Sentient in San Francisco – 14 December 2019

This Date in Art History: Died 14 December 1937 – Fabian de la Rosa, a Filipino painter.

Below – Untitled (Mountain Pass); “A remembrance of the Villa Borghese”; “Women working in a rice field”; “Houseboats in a River”; “Young Filipino”; “Washing by the River.”


This Date in Intellectual History: Born14 December 1941 – Ellen Willis, an American political essayist and journalist. A 2014 collection of her essays, “The Essential Ellen Willis,” received the National Book Critics Circle Award for Criticism.

Some quotes from the work of Ellen Willis:

“My deepest impulses are optimistic; an attitude that seems to me as spiritually necessary and proper as it is intellectually suspect.”
“Individuals bearing witness cannot do the work of social movements, but they can break a corrosive and demoralizing silence.”
“Some conservatives have expressed outrage that the views of professors are at odds with the views of students, as if ideas were entitled to be represented in proportion to their popularity and students were entitled to professors who share their political or social values. One of the more important functions of college that it exposes young people to ideas and arguments they have not encountered at home is redefined as a problem.”
“Under present conditions, people are preoccupied with consumer goods not because they are brainwashed but because buying is the one pleasurable activity not only permitted but actively encouraged by our rulers. The pleasure of eating an ice cream cone may be minor compared to the pleasure of meaningful, autonomous work, but the former is easily available and the latter is not. A poor family would undoubtedly rather have a decent apartment than a new TV, but since they are unlikely to get the apartment, what is to be gained by not getting the TV?”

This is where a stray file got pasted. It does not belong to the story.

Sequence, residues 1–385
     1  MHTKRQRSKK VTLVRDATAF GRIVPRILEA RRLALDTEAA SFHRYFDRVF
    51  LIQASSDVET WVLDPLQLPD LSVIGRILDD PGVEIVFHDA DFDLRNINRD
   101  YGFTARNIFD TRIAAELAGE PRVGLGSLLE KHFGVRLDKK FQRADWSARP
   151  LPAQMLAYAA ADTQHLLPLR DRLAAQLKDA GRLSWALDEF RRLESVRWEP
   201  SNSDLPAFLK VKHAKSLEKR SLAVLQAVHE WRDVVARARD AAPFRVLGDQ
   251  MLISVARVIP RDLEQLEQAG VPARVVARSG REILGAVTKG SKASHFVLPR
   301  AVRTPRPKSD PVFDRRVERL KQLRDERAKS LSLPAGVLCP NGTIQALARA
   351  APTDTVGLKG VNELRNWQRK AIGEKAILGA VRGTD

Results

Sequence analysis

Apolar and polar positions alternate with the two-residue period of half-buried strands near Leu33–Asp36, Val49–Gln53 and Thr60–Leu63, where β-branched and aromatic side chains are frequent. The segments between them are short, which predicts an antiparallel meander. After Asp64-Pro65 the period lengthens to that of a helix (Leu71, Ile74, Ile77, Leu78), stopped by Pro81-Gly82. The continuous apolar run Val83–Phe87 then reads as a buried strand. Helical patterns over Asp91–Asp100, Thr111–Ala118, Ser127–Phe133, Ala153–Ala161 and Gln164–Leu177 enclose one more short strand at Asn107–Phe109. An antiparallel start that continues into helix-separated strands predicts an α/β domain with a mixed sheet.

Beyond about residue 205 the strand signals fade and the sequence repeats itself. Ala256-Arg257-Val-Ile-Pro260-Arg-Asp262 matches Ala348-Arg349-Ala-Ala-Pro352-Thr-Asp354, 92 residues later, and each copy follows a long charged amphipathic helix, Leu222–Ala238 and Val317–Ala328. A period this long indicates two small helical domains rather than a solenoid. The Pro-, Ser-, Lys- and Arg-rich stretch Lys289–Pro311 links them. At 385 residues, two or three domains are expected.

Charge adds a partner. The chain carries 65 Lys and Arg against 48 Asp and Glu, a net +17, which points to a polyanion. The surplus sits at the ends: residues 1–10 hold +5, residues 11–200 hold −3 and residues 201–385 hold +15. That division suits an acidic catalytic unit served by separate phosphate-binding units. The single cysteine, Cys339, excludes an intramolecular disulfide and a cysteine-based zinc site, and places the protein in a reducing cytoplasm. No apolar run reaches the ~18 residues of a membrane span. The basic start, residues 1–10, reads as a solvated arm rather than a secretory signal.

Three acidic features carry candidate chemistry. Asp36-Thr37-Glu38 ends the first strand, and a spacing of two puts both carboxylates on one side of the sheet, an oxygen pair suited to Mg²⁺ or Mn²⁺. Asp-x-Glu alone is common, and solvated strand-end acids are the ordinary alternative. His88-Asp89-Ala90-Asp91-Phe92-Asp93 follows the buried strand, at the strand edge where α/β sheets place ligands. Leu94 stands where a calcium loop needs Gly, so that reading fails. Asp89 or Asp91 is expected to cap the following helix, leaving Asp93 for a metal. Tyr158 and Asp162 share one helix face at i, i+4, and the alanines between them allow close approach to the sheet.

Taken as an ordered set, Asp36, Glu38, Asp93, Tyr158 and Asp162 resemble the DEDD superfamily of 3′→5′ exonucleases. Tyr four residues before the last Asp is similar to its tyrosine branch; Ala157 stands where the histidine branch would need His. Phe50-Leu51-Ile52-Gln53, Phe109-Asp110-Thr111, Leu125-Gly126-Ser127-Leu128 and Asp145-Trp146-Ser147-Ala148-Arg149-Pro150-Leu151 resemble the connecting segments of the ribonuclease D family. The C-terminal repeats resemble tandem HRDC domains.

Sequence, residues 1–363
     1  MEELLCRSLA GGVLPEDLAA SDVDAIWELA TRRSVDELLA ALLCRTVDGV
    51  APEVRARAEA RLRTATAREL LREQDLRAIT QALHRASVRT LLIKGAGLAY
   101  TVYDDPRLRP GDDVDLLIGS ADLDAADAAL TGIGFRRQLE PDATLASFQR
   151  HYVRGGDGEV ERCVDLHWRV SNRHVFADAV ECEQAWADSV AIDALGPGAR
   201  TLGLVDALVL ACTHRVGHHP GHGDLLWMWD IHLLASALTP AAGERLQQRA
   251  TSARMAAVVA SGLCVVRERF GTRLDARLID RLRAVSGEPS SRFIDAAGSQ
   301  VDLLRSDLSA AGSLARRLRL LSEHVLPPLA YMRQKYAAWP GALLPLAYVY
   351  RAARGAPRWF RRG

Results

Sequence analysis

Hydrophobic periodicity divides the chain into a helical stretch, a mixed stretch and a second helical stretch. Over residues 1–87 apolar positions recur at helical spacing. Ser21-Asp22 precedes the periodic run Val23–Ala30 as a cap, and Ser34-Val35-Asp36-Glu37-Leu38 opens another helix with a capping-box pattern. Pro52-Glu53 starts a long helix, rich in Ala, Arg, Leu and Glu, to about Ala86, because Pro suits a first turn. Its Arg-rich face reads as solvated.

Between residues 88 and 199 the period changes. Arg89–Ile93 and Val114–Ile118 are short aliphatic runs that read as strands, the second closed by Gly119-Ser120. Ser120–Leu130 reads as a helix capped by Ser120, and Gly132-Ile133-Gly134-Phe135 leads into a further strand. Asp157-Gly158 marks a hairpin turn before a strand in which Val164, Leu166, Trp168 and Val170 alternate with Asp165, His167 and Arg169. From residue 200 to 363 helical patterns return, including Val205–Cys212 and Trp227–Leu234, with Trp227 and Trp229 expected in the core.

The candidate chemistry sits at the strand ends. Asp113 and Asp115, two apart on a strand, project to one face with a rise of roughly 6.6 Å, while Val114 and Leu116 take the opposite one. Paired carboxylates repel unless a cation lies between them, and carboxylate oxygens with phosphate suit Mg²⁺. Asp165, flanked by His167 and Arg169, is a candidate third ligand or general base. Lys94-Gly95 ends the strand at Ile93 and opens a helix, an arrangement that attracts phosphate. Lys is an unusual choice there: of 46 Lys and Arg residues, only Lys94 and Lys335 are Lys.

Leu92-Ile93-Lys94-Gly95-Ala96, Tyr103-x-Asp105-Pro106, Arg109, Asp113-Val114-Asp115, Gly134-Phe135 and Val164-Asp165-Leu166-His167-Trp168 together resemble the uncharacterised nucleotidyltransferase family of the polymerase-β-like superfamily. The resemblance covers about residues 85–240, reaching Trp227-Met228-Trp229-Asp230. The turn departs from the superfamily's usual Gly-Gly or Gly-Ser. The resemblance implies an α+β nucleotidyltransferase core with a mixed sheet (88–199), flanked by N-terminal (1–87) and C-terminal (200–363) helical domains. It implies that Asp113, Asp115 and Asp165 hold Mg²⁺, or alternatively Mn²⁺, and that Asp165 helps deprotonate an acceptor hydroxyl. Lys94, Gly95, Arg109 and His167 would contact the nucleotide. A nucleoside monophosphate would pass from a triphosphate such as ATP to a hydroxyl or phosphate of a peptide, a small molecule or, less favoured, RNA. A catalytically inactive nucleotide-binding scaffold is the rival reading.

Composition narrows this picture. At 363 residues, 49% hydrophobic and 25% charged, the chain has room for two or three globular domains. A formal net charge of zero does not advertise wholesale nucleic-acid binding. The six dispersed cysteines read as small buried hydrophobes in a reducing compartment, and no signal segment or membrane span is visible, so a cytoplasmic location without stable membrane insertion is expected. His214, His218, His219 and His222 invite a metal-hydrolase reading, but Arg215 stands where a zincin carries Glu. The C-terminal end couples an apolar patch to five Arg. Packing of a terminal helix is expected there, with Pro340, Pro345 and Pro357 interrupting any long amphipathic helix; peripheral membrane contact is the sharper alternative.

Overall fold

“What turns me on is erotica; what turns you on is pornographic.”
“For a decade Americans have been steeped in the rhetoric of ‘zero tolerance’ and the faith that virtually all problems from drug addiction to lousy teaching can be solved by pouring on the punishment. Even without a Commander in Chief who pledges to rid the world of evildoers, smoke them out of their holes and the like, we would be vulnerable to the temptation to brush aside frustrating complexities and relieve intolerable fear (at least for the moment) by settling on one or more scapegoats to crush. To imagine that trauma casts out fantasy is a dangerous mistake.”
“The public’s continuing ambivalence about cultural matters is all the more striking given that the political conversation on these issues has for 30 years been dominated by an aggressive, radical right-wing insurgency that has achieved an influence far out of proportion to its numbers. Its potent secret weapon has been the guilt and anxiety about desire that inform the character of Americans regardless of ideology; appealing to those largely unconscious emotions, the right has disarmed, intimidated, paralyzed its opposition.”
“For democrats, it’s as crucial to defend secular culture as to preserve secular law. And in fact the two projects are inseparable: When religion defines morality, the wall between church and state comes to be seen as immoral.”
“If believers feel that their faith is trivialized and their true selves compromised by a society that will not give religious imperatives special weight, their problem is not that secularists are antidemocratic but that democracy is antiabsolutist.”
“I believe that we are all, openly or secretly, struggling against one or another kind of nihilism.”
“A triumphalist corporate capitalism, free at last of the specter of Communism, has mobilized its economic power to relentlessly marginalize all nonmarket values; to subordinate every aspect of American life to corporate ‘efficiency’ and the bottom line; to demonize not only government but the very idea of public service and public goods.”